The English East India Company established trading links with China in 1699 andbecame the first company to set up a permanent establishment in Canton in 1715. TheEmperor maintained strict direct control of trade which he restricted to Canton.
 
THE EAST INDIA COMPANY
Western trading nations were allowed to establish factories along the Cantonwaterfront. The EIC had a palatial factory with a decorative balcony overlookinga lush garden. The factory typically housed 12 Supercargoes (officers in charge of commercial activities), 8 writers, 2 tea inspectors, 2 surgeons and a chaplain. Nativeemployees worked as clerks and local tax collectors.Foreign trade was confined to, at most, four months in the year, between October andMarch, when the winds of the South China Sea allowed. For the remaining eightmonths of the year the Chinese authorities insisted that all foreign traders should leaveCanton. All staff then retired to the Portuguese colony of Macao, at the mouth of thePearl River on which Canton lay. Eight months of leisure followed, consisting of a social round of balls, tea parties and cricket matches.A posting as writer was usually acquired by patronage; the Directors of the Companycontrolled the selection process, enabling them to place relatives and friends inpositions that could make their fortunes. A writer would be paid 100 pounds a year,but that might rise in 5 years to 1,000 pounds, with all living expenses paid. TheSupercargoes could, with commissions, earn 9,000 pounds a year, which was enoughfor a comfortable retirement after a few years’ service.Tea was not the initial target of the Company’s trade with China but it rapidlyassumed enormous significance. By 1750 the Company was shipping over
2.5 million
 
lbs
of tea a year - this could fetch 5 shillings a lb. at auction in London - atleast twice the cost price in Canton. The British Government placed sky-high dutieson tea imports, which, by the year 1800, had reached over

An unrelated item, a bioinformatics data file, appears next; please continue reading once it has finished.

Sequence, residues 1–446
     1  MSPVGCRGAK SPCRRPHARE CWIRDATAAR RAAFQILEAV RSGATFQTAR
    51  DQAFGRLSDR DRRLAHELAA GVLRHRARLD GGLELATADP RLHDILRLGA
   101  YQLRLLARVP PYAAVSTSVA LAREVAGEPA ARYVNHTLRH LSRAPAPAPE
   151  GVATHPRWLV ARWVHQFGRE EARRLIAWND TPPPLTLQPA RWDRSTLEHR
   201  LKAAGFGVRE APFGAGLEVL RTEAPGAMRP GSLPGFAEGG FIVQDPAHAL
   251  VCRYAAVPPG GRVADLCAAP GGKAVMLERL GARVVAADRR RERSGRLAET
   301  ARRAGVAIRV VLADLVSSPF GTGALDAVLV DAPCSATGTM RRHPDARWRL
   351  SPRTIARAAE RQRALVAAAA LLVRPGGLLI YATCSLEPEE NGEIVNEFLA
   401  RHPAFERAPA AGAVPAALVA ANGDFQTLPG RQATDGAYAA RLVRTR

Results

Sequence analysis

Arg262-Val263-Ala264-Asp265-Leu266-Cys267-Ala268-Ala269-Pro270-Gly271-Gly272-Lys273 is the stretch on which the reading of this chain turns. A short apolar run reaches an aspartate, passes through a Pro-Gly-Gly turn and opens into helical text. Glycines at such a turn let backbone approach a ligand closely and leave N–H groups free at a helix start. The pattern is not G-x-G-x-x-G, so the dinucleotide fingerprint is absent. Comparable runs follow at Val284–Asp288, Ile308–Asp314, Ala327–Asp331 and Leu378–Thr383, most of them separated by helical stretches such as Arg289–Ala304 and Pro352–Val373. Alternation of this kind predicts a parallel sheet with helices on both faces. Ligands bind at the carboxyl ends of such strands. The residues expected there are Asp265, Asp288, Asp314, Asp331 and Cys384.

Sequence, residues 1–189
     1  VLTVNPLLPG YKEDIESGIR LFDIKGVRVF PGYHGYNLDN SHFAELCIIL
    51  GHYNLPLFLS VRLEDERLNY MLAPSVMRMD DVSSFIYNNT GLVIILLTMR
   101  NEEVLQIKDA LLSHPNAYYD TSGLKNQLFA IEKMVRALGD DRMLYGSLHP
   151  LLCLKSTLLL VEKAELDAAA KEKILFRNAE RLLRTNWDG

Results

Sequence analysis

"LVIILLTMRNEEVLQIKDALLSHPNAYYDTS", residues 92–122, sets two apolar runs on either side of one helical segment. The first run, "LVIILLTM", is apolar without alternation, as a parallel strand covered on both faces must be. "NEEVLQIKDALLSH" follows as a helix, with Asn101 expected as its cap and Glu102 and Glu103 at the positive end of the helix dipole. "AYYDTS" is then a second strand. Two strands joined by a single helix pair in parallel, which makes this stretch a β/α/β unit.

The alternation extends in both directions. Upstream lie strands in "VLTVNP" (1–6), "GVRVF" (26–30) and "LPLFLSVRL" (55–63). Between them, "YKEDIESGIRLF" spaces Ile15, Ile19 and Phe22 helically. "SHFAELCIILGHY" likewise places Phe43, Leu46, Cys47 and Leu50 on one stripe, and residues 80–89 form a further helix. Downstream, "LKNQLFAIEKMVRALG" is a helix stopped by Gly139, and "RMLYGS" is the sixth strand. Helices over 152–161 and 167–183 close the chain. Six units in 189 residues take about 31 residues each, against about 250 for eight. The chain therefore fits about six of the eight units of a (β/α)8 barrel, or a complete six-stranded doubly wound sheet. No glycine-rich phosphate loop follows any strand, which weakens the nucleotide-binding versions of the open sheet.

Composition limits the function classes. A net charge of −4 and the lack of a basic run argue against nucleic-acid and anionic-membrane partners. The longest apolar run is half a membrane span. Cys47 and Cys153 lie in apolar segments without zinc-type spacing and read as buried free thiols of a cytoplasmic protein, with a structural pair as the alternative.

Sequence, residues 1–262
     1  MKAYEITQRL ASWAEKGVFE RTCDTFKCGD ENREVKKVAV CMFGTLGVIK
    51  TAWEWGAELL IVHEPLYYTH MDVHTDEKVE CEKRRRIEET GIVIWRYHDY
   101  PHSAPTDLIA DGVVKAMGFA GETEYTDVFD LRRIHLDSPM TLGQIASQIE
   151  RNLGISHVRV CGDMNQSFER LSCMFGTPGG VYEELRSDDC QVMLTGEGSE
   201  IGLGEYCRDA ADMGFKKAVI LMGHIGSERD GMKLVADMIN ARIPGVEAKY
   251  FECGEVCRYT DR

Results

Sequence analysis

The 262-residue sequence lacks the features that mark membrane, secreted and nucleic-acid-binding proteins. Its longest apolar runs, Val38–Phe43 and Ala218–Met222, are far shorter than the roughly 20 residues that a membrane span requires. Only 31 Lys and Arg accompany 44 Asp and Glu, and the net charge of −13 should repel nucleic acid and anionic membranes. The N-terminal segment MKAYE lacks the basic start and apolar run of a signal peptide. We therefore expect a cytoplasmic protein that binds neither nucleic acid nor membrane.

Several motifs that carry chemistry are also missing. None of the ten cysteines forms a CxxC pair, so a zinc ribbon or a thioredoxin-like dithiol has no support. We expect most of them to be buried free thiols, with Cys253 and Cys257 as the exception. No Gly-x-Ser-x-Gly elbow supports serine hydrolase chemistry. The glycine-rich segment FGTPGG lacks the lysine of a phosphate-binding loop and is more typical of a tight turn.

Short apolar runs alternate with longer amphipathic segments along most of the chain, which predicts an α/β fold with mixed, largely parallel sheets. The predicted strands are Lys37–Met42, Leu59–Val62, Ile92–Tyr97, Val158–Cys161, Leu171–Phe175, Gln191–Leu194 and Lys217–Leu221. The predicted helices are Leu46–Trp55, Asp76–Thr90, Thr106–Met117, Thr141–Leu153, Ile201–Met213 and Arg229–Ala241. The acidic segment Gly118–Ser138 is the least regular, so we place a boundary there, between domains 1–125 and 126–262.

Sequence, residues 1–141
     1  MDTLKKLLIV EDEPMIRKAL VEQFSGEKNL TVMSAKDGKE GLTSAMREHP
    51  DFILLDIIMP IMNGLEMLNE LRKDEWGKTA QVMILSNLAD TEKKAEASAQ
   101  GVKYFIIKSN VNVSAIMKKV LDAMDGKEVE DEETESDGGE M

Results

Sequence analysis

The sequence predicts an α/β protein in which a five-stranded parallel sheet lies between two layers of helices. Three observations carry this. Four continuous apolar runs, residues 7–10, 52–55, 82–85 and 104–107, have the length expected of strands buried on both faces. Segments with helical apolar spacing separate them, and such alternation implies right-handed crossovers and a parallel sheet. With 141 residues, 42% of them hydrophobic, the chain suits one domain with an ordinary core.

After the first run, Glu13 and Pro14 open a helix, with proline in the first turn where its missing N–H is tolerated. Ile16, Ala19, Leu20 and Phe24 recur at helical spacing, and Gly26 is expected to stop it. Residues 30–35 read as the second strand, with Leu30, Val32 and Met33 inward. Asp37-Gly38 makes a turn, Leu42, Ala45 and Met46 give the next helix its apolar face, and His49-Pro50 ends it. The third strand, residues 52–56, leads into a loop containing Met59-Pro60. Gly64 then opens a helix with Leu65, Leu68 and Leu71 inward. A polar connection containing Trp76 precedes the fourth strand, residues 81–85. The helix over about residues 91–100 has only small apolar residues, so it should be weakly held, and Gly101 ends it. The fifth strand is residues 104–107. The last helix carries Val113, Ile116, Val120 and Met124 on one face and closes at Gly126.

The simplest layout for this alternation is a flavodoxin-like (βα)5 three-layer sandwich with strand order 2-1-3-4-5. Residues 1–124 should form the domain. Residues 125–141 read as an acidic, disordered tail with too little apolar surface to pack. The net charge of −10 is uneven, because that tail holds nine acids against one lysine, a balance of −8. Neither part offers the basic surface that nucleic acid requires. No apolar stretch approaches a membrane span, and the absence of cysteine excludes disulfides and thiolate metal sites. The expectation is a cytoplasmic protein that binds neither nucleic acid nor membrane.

20 million
 
lbs
a year,producing more revenue than the whole of India. The high cost of tea encourageda black market trade and gangs of smugglers were active throughout Kent, Sussex andSurrey. The EIC held its monopoly on the China trade until 1833.The teas were predominantly green (unfermented) teas and were called by curiousnames:Hyson Skin, Bing, Caper and Twankey (after which Gilbert & Sullivan
sWidow Twankey was named).Sir Joseph Banks, the botanist, was an advisor to the EIC, and was interested in thepotential for growing Chinese varieties of tea in India (from the Camellia Sinensisleaf). Banks had a tea house in the basement of his house in Soho Square, andexperimented with many different flavourings including the addition of bergamot oil(the nearest thing to the Chinese bitter orange). The recipe for Earl Grey tea mostlikely resulted from those experiments; the recipe was named after the Prime Minister,Earl Grey.Other commodities imported to Britain from China included Chinese lacqueredfurniture, usually based on western designs and mainly commissioned by privatetraders. Chinese craftsmen were skilled ivory carvers. Substantial amounts of ivorywere shipped to Canton from India, south-east Asia and even Africa. High qualitycarved ivory fans, game sets and workboxes were made for the export market.